Articles Posted in Civil Rights Advocacy

Have a look at David Leonhardt’s recent NY Times newsletter, which posits that executive clemency is a critical component of our current criminal justice system. The newsletter came in the wake of scathing criticism of Pres. Trump’s use of clemency to help his political friends.

Approximately two million Americans are  behind bars, giving the United States one of the highest incarceration rates in the world. High rates of imprisonment are due to extraordinarily long sentences, even for nonviolent crimes; arbitrary systems of parole; and wrongful convictions. Clemency can help.

Leonhardt cites as a prime example of the positive power of clemency one of our cases, that of Felipe Rodriguez. Felipe was freed in January 2017 after we teamed up with the Innocence Project to petition Gov. Andrew Cuomo for his release via a commutation of his sentence (clemency comes in two flavors: a pardon erases the conviction as though it never happened; a commutation reduces the person’s sentence). Felipe always maintained his innocence and the governor freed him in part because of serious questions about the integrity of his conviction, and in part because of his phenomenal prison record, which included construction projects, editing a newsletter, and counseling serial killers.

Thirteen years ago Nina Morrison, a staff attorney at the Innocence Project – the organization, founded by Barry Scheck and Peter Neufeld, that spawned the movement to use DNA to free the innocent in the United States – came across the case of Felipe Rodriguez.

Felipe was a Brooklyn construction worker and a new father in 1988, when police started investigating him for a murder in Queens the year before. He was arrested the following year and convicted after a trial in 1990.

But the case against Felipe had more holes than Swiss cheese.

“Motion Granted.” With those words, the Hon. Joseph Zayas of Queens Supreme Court vacated the murder conviction and dismissed the indictment against Felipe Rodriguez.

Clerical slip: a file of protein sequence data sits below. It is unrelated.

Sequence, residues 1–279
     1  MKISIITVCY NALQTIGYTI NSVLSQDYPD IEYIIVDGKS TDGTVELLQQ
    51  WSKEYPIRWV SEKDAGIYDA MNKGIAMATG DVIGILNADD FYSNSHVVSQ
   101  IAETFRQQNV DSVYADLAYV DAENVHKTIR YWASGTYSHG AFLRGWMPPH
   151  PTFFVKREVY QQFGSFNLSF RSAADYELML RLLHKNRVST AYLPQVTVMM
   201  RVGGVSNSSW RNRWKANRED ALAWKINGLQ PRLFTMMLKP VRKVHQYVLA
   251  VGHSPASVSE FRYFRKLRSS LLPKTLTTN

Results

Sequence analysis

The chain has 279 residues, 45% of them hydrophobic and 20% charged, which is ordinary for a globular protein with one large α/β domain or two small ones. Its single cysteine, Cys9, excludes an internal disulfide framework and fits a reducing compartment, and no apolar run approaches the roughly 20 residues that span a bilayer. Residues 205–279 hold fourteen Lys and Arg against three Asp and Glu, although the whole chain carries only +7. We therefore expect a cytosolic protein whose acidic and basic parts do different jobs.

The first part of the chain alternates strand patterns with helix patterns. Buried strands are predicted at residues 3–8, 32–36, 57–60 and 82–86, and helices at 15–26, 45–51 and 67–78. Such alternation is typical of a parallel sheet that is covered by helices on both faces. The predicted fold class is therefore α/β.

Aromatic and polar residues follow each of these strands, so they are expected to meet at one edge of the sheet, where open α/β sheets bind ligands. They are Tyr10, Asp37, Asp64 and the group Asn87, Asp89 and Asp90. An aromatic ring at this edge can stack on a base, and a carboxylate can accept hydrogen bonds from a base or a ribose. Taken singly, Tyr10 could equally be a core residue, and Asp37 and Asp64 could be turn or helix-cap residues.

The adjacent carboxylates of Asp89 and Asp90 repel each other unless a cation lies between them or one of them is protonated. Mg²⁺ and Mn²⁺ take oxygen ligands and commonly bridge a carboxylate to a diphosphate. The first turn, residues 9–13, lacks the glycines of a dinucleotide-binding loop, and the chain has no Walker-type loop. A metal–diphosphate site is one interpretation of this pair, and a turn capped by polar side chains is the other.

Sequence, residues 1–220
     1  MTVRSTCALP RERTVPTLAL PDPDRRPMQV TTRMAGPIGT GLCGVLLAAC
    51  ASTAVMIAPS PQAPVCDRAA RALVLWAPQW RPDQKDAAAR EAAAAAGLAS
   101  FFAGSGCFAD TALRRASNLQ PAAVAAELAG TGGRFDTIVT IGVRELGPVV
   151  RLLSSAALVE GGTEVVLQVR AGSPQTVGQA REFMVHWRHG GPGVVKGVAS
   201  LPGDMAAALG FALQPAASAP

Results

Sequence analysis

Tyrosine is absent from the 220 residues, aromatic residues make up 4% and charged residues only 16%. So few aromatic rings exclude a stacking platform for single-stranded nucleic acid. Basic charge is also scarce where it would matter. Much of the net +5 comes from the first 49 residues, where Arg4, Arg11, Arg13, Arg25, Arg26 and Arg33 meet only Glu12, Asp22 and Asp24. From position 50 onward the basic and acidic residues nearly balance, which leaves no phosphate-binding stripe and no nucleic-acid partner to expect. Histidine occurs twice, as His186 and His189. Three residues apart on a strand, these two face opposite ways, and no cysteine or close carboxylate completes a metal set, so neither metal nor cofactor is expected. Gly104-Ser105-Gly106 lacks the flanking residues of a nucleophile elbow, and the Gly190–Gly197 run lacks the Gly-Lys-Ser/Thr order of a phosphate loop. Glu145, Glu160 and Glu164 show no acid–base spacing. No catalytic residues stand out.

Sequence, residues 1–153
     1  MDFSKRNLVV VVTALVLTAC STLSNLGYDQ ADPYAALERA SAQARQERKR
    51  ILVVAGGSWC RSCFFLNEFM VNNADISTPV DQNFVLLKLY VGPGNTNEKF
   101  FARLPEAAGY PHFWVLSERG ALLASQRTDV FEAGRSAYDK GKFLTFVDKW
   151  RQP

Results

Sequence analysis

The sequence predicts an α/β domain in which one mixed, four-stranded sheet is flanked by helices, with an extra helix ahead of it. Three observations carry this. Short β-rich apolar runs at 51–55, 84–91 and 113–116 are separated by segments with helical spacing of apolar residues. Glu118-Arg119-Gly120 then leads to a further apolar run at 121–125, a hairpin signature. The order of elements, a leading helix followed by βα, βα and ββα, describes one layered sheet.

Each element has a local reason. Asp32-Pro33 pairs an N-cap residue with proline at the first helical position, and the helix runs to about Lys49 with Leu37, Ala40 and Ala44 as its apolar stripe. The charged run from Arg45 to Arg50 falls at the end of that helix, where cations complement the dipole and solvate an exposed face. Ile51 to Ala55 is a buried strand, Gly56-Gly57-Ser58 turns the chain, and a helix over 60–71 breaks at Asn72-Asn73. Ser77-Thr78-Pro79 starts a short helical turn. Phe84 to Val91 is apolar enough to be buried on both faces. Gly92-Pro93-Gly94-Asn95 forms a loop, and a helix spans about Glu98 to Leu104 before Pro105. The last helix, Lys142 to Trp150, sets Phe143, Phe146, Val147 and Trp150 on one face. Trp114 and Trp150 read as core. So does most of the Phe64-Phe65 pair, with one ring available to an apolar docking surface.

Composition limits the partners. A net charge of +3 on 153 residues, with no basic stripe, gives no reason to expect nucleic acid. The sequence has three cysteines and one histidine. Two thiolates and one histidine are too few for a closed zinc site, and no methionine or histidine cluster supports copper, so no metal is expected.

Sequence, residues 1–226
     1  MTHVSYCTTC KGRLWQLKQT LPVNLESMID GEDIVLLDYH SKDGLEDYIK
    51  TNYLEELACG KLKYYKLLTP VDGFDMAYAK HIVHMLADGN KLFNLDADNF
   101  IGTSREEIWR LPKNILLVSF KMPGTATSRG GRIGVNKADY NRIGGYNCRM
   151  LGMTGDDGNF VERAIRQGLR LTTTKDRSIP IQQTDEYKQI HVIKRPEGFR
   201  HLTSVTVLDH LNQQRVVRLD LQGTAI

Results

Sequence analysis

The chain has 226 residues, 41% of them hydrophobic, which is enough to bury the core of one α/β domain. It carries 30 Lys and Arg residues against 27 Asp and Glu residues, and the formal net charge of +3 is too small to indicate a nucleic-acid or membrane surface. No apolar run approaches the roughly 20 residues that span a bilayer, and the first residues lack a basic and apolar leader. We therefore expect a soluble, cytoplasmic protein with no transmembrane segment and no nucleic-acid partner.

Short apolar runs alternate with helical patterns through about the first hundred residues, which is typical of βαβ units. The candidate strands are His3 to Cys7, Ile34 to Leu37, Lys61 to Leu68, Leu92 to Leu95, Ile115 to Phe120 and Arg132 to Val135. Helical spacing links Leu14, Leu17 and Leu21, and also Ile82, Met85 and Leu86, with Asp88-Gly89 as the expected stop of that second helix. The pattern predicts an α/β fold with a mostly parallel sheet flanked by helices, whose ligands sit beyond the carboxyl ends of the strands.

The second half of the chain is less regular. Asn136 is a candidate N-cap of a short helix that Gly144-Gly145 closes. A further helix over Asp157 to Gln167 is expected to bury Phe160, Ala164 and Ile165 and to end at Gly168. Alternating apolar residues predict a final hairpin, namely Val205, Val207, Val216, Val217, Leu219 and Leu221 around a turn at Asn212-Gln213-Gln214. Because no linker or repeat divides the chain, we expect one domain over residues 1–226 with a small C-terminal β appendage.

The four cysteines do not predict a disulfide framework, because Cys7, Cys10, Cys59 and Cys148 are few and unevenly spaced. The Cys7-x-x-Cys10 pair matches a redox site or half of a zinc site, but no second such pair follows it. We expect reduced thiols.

It was a triumphant end to a fight that has consumed our office since 2015 and the Innocence Project since 2007.

In all those years, Mr. Rodriguez was granted executive clemency by Gov. Andrew Cuomo based on his stellar prison record, got married, worked steadily at a hotel, helped raise two beautiful children, and was reunited with his adult son, who was just three when Felipe was wrongly convicted in 1990.

Guest column by William Dobbs, Esq. from The Dobbs Wire.

Is the sex offense registry growing or shrinking?https://www.zmolaw.com/news/wp-content/uploads/2019/10/Screen-Shot-2019-10-13-at-3.20.30-PM-300x232.png

Hard to tell because the long-time keeper of the national statistics, National Center for Missing and Exploited Children (NCMEC), has stopped updating the figures.

Twelve federal appeals courts have said that the FBI acted in good faith when they used a Virginia warrant to search thousands of computers around the world in the controversial Playpen child pornography case. Our office last week asked for a special hearing in the Second Circuit to challenge that conclusion, with a series of simple arguments that, somehow, the appeals courts keep missing – including a Second Circuit panel that ruled on the warrant last month.

Click here for a redacted version of our appellate brief and here for our Petition for Initial Hearing En Banc, an unusual request effectively required by the Second Circuit’s August ruling.

The logic is simple and the stakes are high.